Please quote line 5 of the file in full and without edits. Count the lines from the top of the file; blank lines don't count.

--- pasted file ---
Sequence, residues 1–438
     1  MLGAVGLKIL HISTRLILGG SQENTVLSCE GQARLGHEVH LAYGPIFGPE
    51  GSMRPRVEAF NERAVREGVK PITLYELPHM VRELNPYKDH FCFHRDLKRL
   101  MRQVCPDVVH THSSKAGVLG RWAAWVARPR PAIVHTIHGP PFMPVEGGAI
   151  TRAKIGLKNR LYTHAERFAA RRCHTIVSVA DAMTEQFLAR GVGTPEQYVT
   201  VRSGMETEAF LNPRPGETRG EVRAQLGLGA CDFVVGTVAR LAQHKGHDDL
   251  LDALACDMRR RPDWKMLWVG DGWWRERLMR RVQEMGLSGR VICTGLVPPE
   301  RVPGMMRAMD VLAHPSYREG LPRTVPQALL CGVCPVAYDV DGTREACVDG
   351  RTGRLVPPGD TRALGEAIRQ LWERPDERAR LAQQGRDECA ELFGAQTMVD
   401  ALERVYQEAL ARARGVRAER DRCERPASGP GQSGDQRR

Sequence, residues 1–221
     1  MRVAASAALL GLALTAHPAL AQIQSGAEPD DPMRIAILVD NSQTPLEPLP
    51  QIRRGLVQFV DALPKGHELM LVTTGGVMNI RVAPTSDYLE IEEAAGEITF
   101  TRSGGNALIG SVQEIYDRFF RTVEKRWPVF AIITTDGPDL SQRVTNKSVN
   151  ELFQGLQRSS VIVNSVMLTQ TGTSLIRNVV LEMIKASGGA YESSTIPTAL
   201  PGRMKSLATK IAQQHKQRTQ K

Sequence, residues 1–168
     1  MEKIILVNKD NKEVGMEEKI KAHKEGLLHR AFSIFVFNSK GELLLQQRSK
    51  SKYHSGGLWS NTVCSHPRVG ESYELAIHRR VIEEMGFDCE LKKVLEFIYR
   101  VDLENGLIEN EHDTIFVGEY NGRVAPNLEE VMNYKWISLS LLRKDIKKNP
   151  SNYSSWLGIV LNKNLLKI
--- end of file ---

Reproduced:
   151  TRAKIGLKNR LYTHAERFAA RRCHTIVSVA DAMTEQFLAR GVGTPEQYVT